Know your currawongs

Currawongs vs Magpies

At a recent family gathering where physical distancing was strictly enforced, my dear Uncle pointed out that in my blog post about the Victorian Fortifications at Middle Head, I had made a mistake!

I had incorrectly identified magpies as currawongs. This is a grave error and my family of amateur but deadly serious twitchers were somewhat disturbed by my rookie faux pas.  There was a great deal of comment about my journalistic credentials and accusations of “fake news”.

I, therefore, apologise most humbly for my error and all future posts which include the identification of native Australian birds will be subject to strict quality checking by the newly established Family Ornithological Committee.

I’d like to thank my most esteemed Uncle for not calling me out publically and highlighting my error in the comments section.

🙂

These are magpies, not currawongs.

Check out the cheeky magpies at this site

 

Magpies have a lighter coloured beak and extensive white markings. There are significant regional differences between magpies. Juveniles are grey. They should also not be confused with pee-wees which are much smaller. Currawongs, on the other hand, have a black beak and only a small amount of white on their under-tail area. I don’t have a photo of a currawong or pee-wees to share.

Pelicans

Lake Illawarra

Pelican Portraits

The COVID19 movement restrictions are being lifted in NSW and we are all getting outside more. Getting back to “normal” and exploring our still clean environment. I went out last weekend for my first photo safari for a very long time. I wandered along the shore of Lake Illawarra and took some rather nice portraits of pelicans.

Pelicans are lovely birds. Big and ungainly on land, but magnificent flyers. Their broad wings carrying their heavy bodies effortlessly.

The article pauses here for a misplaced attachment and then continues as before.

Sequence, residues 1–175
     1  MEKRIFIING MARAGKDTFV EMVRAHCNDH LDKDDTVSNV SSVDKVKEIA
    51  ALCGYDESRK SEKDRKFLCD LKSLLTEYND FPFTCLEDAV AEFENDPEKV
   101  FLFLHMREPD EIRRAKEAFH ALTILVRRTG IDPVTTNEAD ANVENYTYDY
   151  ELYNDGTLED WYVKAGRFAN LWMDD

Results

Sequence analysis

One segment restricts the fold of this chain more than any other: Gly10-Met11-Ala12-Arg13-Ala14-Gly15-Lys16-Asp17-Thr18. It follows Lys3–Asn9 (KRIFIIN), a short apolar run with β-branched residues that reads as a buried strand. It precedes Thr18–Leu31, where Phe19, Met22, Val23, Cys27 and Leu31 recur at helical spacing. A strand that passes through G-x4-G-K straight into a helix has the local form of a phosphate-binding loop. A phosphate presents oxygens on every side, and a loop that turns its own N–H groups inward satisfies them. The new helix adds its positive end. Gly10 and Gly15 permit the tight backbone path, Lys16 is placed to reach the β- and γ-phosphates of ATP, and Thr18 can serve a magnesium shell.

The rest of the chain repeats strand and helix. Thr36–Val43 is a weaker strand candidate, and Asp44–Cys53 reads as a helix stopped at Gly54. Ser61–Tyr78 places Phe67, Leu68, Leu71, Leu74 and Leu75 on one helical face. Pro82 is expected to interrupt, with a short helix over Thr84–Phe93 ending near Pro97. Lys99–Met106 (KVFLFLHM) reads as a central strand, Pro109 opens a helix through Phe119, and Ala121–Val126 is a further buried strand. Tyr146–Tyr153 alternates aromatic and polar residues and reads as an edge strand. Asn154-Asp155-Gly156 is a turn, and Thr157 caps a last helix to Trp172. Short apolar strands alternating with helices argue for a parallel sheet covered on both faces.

They eyed off the human fisherman with cheeky stares.

P1930901pelicansLake Illawarra fishermen

Critters in Bellingen, NSW.

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Goanna

My mum lives on a 2.8 hectare (7 acre) rural-residential property near Bellingen on the Mid-north coast of NSW, Australia. Perched on a hill, her home for last 31 years, is surrounded by beef and dairy farms and lots of hobby farmers growing “herbs” of various kinds. Mum’s property is not much use as a farm as it is essentially just a big hill but it makes a damn fine place to visit for lazy holidays and to live a relatively peaceful life in the country.

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It is certainly not a “pristine” environment as the area has been farmed for well over a hundred years after being cleared of cedar back in the 1840’s. Despite this, I am always amazed at the amount of wildlife that turns up in her “backyard”. Mum has allowed the bush to grow back over the years and the critters love it. These photos show some of the wildlife you can see from her verandahs.

Not seen here are the eagles and hawks which soar overhead, black cockatoos signaling the coming of rain and kookaburras sharing their jokes with the warbling magpies.

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Regent Bowerbird

Frogs live in the toilet, lurking under the rim of the bowl. Snakes hibernate in the roof space. Spiders take over the smoke detector rousing the whole house with false alarms. And cicadas send us deaf in the summer time.